Posted On June 26, 2017 By In Slider, Web Exclusive

Strategies for Managing Employee Burnout

Urgent message: Statistics indicate there is an epidemic of mental, physical, and emotional burnout of employees in the United States, painting a troubling picture that urgent care operators must proactively manage in order to assure continued patient satisfaction.

Many of us have been there: getting out of bed in the morning feels like a monumental task. The thought of another work day evokes an exasperated sigh. Previously productive shifts give way to distracted clock-watching. Patience shortens while errors and mistakes creep up. The temptation to call in sick, or ditch early, grows stronger by the day.

What do all these things have common? They’re classic symptoms of employee burnout. And although it’s common in healthcare settings such as urgent care, burnout is hardly limited to them. In fact, it’s on the rise everywhere, severely hindering productivity and driving up costs across America’s workplaces. That’s according to a recent Wall Street Journal article, which takes a sobering look at the widespread prevalence of employee burnout and its damaging effects on employees and businesses alike.

The Burnout Epidemic

The WSJ article cites an “always-on” workplace culture, overworked staffs, and job insecurity as key factors in fraying millions of workers at the edges, and sending them spiraling into despair. In fact, up to 40% of U.S. workers are experiencing burnout at any given time, based on the findings of a large-scale survey conducted by Gallup in 2012. Annual turnover is on the rise as a result, to the tune of fully 50% of all turnover being attributed to burnout. And burnout-caused, work-related healthcare costs have skyrocketed as well, with estimates ranging anywhere from $125 billion to $190 billion annually.

Compounding the problem is the fact that companies are struggling to get a handle on the issue. Psychology and human resources experts contend that many workplaces either fail to take the problem seriously, or lack the resources to provide assistance to their employees. This point was also illustrated in the WSJ article, which noted that employee-assistance provider Workplace Options, for example, reported stress and anxiety as the two main factors in 70% of their inbound phone-counseling calls. 

Few Work-Life Boundaries

One well-recognized culprit of employee burnout is a blurring of work-life boundaries. For instance, a 2016 survey of working-age adults revealed the following telling statistics:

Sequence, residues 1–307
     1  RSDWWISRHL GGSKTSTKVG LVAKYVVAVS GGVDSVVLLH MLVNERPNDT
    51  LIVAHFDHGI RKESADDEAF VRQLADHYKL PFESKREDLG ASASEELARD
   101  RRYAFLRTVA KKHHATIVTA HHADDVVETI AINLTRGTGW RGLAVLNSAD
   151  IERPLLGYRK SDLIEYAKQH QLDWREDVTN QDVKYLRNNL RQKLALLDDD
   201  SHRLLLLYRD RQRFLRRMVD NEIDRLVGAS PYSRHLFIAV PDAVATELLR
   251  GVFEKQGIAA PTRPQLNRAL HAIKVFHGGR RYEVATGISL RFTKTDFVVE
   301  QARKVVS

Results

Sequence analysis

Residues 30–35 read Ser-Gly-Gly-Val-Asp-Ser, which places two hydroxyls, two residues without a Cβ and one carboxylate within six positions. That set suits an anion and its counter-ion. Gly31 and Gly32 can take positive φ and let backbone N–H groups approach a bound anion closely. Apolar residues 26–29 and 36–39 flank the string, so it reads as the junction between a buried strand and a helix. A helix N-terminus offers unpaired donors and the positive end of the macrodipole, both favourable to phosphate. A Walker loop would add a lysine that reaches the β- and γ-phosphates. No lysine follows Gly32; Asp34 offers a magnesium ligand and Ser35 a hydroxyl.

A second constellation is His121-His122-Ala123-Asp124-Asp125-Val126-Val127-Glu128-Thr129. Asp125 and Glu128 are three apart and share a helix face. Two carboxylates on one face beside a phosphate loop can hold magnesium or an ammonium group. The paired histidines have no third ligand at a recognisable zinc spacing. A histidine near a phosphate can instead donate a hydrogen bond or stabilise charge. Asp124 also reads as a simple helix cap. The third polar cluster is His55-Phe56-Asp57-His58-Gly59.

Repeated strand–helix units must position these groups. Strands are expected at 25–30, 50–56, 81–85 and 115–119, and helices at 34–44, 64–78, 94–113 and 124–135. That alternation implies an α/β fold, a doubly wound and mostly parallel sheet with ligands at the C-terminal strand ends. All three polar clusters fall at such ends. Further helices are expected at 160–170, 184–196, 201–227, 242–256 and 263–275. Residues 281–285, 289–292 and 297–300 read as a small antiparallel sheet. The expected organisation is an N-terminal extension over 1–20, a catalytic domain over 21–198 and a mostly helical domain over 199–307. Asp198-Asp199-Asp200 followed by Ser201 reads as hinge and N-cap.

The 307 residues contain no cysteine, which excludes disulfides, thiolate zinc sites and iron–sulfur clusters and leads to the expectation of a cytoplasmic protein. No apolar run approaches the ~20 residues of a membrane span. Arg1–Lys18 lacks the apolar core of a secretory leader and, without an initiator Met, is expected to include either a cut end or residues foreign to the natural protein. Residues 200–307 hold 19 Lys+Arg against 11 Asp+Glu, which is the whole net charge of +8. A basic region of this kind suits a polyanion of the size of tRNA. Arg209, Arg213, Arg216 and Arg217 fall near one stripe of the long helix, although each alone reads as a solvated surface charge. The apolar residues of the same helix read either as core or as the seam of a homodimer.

• 30% worked or worried about work while on vacation
  • 19% worked 50 hours a week or more at their main jobs
  • 43% felt that their jobs exacerbated their stress levels
  • 64% worked regular weekend and/or overtime hours
  • 20% reported feeling high levels of stress at their job
  • 65% felt an obligation to monitor company email after work hours
  • 55% found it difficult to mentally detach from work

The data paint a troubling picture: Due to fearful workers refusing to be assertive about their boundaries, workplaces everywhere are bursting at the seams with overwhelmed, apathetic, and numb employees. And the resulting workplace accidents, turnover, onboarding, absenteeism, diminished productivity, insurance and medical costs, and workers’ compensation comes at a steep price for U.S. employers—estimated at upwards of $300 billion annually.

Strategies for Managing Burnout

Like any workplace, urgent care is susceptible to employee burnout. A fast-paced clinical environment that emphasizes speedy throughput and high-quality patient care coupled with frequent late-evening and weekend shifts carries with it a very real burnout risk.

Fortunately, though, companies are beginning to acknowledge the mental, physical, and emotional toll that burnout can wreak on their employees—not to mention the bottom line. Hence, they’ve begun investing time and effort into strategies to curtail workplace stress and restore a healthy work-life balance. To that end, urgent care would do well to follow suit in the following areas:

  • Encourage guilt-free time off – Employees need free time dedicated to family, friends, and hobbies to relax and recharge their emotional batteries, so reassure staff that the center will run fine without them on their day off.
  • Staff appropriately – Understaffed workplaces lead to overworked employees. Keep staff levels appropriate to the workload and demand to prevent taxed workers and excessive overtime hours.
  • Offer flex-scheduling when available – Sometimes, a healthy work-life balance means working longer hours one day and shorter the next, or starting a shift earlier or later depending on the day. Give employees the opportunity to “flex” their schedule when appropriate.
  • Create a nurturing culture – Frequent check-ins with staff to ensure they are OK, creating team and buddy systems, allowing for “vent sessions,” making time for fun and humor, and regular acknowledgement of excellent performance can go a long way toward creating a less stressful workplace.

Conclusion

Taken together, the statistics surrounding employee burnout tend to add up to a workplace culture issue. Too often, managers fail to fully acknowledge the culture deficiencies in their workplace that, left unchecked, can contribute to stressed out and overburden staffers. By first examining then repairing the culture along with encouraging a healthy work-life balance, burnout can be dramatically reduced—resulting in a happier, healthier staff, patients, and bottom line.

Alan A. Ayers, MBA, MAcc is Vice President of Strategic Initiatives for Practice Velocity, LLC and is Practice Management Editor of The Journal of Urgent Care Medicine

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